Fat-Free Apple and Almond Mincemeat with Brandy

By Karen Burns-Booth •


Why not make your own mincemeat this year?  It's easy and gives you so much more control of the ingredients.  Karen shares a family recipe for a fat-free mincemeat, packed with vine fruits, citrus peel, nuts and apples and generously laced with brandy.

 

I like the idea of Christmas in a jar……there are so many Christmassy things that come in jars and bottles, wine and champagne obviously, as well as lovely preserves such as fruit in brandy, jams, conserves, brandy butter, chutney, pickles, relishes and of course, mincemeat. As well as buying all the lovely stuff that comes in jars, and believe me I can shop for Britain on the run up to Christmas, I am an avid preserver and I ALWAYS make my own mincemeat, as well as chutney, jams and pickles.

The idea is that we have lots of lovely home-made preserves to take us through the festive period and beyond, as well as having a few spare jars to give as gifts, which are always appreciated by foodie friends and family. So, when making my Christmas preserves, rather than using my “recycled” jars as I normally do, I like to buy new jars and decorative lids, like these lovely hexagonal jars and gingham lids, that you can see in the photos that I bought from Lakeland.


My “Christmas in a Jar” recipe today is a GREAT recipe for a fat-free mincemeat, packed with vine fruits, citrus peel, nuts and apples and generously laced with brandy, it’s a family recipe for Fat-Free Apple and Almond Mincemeat with Brandy, and it is DIVINE! I don’t know why more people don’t make their own mincemeat, as it is so easy and it’s a thousand times better than most commercial brands, plus, you are in control of the ingredients too, which makes me happier knowing what is actually in what I am eating. This mincemeat is so fruity and spicy with a lovely light texture, it’s a real star of the mincemeat world.

Because it doesn’t have any fat in it, you have to “cook” the apples and fruit before adding the brandy, this ensures the mincemeat keeps for a long time and the apples don’t ferment. It also means that the vine fruits are plump and succulent. The texture is not as “cloying” and as heavy as commercial mincemeat with added suet etc., which means it’s a lovely preserve to dollop on top of ice creams and creamy desserts, a sort of boozy fruit compote. And, and it makes the most amazing mince pies ever, such as these Little Custard Pies with Mincemeat and Almonds as well as my Spiced Mincemeat Meringue Pies too.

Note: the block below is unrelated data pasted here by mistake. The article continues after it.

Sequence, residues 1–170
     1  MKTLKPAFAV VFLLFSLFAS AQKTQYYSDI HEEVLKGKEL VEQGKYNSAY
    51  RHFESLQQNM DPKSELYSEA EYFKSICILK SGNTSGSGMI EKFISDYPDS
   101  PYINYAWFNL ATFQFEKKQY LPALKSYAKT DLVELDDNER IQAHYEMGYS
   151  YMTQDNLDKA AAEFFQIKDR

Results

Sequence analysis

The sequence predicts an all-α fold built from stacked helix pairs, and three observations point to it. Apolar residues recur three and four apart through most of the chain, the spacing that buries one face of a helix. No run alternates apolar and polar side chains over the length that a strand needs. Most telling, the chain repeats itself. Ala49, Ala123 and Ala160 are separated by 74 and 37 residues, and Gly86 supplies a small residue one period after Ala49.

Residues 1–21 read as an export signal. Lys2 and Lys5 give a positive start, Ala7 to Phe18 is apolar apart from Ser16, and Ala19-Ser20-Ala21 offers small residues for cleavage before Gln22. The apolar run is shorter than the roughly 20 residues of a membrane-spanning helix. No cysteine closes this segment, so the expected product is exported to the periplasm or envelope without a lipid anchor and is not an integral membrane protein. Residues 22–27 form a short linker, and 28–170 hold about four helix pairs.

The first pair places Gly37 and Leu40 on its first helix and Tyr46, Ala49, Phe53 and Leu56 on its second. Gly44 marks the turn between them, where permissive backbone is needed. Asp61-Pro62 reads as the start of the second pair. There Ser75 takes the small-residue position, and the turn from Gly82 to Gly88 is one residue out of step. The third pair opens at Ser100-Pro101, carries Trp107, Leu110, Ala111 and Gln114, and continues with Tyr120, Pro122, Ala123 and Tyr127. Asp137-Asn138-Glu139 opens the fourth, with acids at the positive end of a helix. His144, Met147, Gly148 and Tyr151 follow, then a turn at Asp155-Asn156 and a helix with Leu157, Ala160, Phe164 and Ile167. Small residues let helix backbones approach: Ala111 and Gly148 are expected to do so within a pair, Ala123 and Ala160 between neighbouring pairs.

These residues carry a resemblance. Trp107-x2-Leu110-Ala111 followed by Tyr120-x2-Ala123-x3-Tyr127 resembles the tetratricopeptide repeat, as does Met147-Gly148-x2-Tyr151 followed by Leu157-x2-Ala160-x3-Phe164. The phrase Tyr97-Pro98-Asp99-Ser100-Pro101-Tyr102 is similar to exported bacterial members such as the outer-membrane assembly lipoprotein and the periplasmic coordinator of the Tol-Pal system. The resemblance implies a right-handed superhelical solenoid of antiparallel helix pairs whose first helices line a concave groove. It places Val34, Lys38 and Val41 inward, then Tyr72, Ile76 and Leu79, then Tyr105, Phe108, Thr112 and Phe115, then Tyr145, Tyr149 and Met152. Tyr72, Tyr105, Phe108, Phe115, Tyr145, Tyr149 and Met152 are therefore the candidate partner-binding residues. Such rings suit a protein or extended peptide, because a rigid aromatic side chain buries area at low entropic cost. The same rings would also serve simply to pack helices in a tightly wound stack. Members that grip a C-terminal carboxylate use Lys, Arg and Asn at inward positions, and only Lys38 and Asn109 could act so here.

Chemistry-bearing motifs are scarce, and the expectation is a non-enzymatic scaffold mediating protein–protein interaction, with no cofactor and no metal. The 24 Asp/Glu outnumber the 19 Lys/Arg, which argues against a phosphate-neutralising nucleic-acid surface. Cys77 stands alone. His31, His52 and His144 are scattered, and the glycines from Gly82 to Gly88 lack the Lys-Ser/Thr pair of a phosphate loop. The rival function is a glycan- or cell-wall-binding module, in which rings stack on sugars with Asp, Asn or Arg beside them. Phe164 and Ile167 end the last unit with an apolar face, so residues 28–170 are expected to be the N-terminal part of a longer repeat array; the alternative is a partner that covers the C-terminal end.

I am sharing this old family recipe for mincemeat below, and the reason it has apples in it, is all due to my grandmother who had a small orchard and was always looking for ways to incorporate apples into her cooking, baking and preserving! As for the fat-free element, that is down to me, as one year I had no suet left for my mincemeat and I had used all the butter in my Christmas cake, and once the family tried my fat-free mincemeat they said it was better than the usual “fatty version! Do try this mincemeat recipe, I guarantee you will never buy shop-bought mincemeat again. 


Fat-Free Apple and Almond Mincemeat with Brandy


Approx 6 - 8 x 110ml jars

Ingredients:

450ml cider
450g soft dark brown sugar
450g cooking apples, cored & chopped – no need to peel
1 teaspoon ground mixed spice
1 teaspoon ground cinnamon
1 teaspoon ground ginger
1 pinch ground cloves
175g currants
175g raisins
115g sultanas
110g candied peel
110g flaked almonds
1 orange, juice and zest of
1 lemon, juice and zest of
150mls brandy or Cognac

Method


1. Put the cider and sugar into a large saucepan & heat GENTLY until the sugar has completely dissolved.
2. Stir in the rest of the ingredients, except the brandy or cognac and slowly bring to the boil – stirring ALL the time.


3. Lower the heat and partially cover the saucepan and simmer gently for 30 to 45 minutes.
4. Remove from the heat and leave it to become completely cold.
5. Stir in the brandy or cognac and then spoon into cold, sterilised jars, making sure that the mincemeat is packed down firmly with NO space or air bubbles.
6. Cover with TIGHT fitting lids. Store in a cool, dry and dark place for up to one year. Refrigerate after opening. 


Inspired? For more Christmas recipes visit Great British Chefs collection.

 

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Karen Burns-Booth

Karen Burns-Booth is creative freelance food writer & blogger. Her love of seasonal food & recipes stems from her childhood observing her grandmother and mother’s cookery skills. A regular contributor in Country Kitchen magazine, she currently writes for numerous other publications, food, travel and tourism websites and has several recipes in print in compilation cookbooks. She is currently working on a Historical British Cookbook.

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